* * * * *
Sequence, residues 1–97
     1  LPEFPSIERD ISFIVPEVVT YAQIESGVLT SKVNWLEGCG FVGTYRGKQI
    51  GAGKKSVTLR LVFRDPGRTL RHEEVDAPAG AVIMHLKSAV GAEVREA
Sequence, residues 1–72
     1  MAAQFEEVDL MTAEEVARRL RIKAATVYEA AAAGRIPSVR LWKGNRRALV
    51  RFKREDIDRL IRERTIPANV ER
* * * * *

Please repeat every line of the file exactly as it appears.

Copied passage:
Sequence, residues 1–97
     1  LPEFPSIERD ISFIVPEVVT YAQIESGVLT SKVNWLEGCG FVGTYRGKQI
    51  GAGKKSVTLR LVFRDPGRTL RHEEVDAPAG AVIMHLKSAV GAEVREA
Sequence, residues 1–72
     1  MAAQFEEVDL MTAEEVARRL RIKAATVYEA AAAGRIPSVR LWKGNRRALV
    51  RFKREDIDRL IRERTIPANV ER